SpaceX' s reusable rocket launches a Qatar satellite

James Marshall
November 17, 2018

The SpaceX rocket generated well over 1.7 million pounds of thrust before the kerosene-fueled booster stage engines shut-off completely, two-and-a-half minutes after lift-off. The Falcon 9 used for this mission was previously used earlier this year to launch the Telstar 19 VANTAGE satellite, making the entire event all the more notable. SpaceX noted that it may be used for the third flight.

SpaceX did not attempt to recover the payload fairing - the protective nose cone that surrounds spacecraft during launch - today, because its net-equipped boat, Mr. Steven, is on the West Coast. After a near-bankruptcy and a string of failures, Musk's company relied on funding from NASA to build Falcon 9.

While important to SpaceX's business model, booster recoveries remain a strictly secondary objective.

A SpaceX Falcon 9 rocket goes vertical on NASA's Launchpad 39A hours before its Es'hail-2 mission on November 15 2018.

Es'hail-2 was built by Mitsubishi Electric, representing a rare win on the worldwide market for a company whose main satellite customer has been the Japanese government. Es'hail 2 features high-speed Ku- and Ka-band communications services. About 32 minutes later, the rocket successfully deployed its payload, the Es'hail-2 communications satellite, into an elliptical geostationary transfer orbit. Both Es'hail satellites are operated by Qatar's state-owned Es'hailSat telecom venture. The only break from SpaceX's recent routine was the fact that the launch came during daylight hours, at 3:46 p.m. ET (12:46 p.m. PT).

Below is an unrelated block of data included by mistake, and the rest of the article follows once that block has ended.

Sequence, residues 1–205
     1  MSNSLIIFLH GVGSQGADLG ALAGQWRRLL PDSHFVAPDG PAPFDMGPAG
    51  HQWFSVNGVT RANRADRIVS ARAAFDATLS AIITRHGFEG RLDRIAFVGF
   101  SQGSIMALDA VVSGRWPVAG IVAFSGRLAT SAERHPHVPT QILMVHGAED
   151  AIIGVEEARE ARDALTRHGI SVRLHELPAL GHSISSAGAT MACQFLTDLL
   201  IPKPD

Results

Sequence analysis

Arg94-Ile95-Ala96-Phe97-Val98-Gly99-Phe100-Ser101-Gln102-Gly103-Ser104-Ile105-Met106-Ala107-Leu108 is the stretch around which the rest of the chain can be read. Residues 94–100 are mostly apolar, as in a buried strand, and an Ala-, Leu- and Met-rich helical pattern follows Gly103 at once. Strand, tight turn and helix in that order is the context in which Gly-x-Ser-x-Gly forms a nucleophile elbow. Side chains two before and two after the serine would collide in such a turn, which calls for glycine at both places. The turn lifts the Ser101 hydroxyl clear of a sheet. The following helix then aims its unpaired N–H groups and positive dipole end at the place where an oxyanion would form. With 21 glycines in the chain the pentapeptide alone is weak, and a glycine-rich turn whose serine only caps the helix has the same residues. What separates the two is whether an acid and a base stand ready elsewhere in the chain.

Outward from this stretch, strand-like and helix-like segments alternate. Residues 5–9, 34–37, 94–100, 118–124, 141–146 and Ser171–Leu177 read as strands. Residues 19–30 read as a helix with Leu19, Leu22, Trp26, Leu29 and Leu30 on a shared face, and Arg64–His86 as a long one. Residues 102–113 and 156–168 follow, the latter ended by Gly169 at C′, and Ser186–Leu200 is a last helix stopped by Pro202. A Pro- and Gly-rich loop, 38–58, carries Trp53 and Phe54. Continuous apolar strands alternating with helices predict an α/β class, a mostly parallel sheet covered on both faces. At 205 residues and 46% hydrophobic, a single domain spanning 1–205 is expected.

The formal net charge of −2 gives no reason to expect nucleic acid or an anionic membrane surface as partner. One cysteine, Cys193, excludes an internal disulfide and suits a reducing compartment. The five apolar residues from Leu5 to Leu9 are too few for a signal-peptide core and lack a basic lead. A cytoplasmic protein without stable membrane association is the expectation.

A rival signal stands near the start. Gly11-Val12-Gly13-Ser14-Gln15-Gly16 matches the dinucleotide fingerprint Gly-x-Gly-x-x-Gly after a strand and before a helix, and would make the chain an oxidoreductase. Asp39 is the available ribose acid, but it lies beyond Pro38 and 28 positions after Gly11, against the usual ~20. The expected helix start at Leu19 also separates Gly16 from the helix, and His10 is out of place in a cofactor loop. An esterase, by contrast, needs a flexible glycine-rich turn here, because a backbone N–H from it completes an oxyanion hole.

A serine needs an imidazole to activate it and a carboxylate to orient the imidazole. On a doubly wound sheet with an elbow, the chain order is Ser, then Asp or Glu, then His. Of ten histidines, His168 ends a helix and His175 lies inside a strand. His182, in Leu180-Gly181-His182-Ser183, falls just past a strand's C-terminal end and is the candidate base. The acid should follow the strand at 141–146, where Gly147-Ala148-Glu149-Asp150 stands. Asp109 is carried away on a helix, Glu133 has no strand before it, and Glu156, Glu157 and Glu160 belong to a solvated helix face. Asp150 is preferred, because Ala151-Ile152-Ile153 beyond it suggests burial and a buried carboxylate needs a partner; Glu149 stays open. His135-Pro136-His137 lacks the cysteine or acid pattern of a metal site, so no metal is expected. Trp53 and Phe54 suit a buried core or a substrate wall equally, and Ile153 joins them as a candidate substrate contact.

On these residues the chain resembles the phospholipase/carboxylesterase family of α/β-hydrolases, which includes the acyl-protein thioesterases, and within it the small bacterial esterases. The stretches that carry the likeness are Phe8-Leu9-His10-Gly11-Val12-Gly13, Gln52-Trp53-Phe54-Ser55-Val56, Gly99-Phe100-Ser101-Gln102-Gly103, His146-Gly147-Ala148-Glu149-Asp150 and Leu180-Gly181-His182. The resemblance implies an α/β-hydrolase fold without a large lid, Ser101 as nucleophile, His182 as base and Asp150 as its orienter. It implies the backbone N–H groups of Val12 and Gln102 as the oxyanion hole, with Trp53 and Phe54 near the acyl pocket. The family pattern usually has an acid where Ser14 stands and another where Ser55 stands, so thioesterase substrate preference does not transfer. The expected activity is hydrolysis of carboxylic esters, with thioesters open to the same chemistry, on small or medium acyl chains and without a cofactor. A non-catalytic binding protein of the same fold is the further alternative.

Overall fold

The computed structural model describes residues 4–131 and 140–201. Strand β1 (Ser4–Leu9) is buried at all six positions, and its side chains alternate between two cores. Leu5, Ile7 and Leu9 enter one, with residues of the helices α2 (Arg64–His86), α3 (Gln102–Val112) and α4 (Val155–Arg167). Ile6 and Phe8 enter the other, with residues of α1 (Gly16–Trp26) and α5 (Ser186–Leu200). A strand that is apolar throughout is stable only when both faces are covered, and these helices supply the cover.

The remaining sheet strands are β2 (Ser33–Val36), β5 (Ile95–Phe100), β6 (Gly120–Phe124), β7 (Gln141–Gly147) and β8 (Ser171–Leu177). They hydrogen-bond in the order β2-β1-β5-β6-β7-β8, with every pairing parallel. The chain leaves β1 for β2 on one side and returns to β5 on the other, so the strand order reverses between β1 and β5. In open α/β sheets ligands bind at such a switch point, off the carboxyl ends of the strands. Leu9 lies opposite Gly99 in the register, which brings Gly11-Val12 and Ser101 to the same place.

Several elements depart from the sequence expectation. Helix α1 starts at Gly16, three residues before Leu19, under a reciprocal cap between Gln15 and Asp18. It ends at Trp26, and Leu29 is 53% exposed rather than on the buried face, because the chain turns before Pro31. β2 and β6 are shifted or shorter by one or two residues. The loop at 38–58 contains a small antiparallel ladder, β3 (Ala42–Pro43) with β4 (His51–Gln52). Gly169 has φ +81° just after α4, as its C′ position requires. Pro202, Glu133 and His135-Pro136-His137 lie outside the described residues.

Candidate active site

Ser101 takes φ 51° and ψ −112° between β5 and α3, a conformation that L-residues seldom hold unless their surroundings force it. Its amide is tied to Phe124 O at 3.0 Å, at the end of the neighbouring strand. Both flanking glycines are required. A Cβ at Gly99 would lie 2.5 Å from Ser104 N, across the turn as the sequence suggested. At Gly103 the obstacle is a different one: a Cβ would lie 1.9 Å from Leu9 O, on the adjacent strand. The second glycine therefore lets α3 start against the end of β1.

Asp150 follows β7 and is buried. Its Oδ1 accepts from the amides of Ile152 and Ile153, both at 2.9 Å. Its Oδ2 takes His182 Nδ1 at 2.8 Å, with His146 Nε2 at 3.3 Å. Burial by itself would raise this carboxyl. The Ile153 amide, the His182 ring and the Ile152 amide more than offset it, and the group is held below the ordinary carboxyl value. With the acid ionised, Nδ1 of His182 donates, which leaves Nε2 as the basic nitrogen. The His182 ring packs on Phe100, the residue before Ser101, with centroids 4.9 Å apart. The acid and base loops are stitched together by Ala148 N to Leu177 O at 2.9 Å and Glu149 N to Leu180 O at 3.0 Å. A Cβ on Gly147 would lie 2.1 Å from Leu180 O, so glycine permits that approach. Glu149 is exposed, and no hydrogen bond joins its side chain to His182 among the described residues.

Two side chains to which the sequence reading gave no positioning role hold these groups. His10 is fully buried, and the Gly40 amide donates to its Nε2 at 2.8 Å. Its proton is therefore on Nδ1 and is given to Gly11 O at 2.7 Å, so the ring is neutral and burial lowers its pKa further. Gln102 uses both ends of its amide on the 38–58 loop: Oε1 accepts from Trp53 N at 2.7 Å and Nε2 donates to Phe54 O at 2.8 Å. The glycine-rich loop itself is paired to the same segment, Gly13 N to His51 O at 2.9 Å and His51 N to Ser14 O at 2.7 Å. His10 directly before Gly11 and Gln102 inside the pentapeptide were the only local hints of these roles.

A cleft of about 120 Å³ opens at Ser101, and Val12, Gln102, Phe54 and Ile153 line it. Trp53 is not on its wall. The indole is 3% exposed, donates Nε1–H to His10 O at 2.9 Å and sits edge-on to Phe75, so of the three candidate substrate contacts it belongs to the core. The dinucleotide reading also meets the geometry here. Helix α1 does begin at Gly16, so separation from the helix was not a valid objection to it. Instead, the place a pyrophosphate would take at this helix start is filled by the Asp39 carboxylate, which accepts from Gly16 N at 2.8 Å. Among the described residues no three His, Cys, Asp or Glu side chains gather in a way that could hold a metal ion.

After a final lightning-quick round of computer checks, the slender 229-foot-tall rocket was released from the pad, quickly climbing away under a partly cloudy sky.

Falcon 9 is a two-stage rocket capable of re-flight. The Es'hail 2 will be situated 26 degrees east longitude over the equator.

Other reports by Click Lancashire

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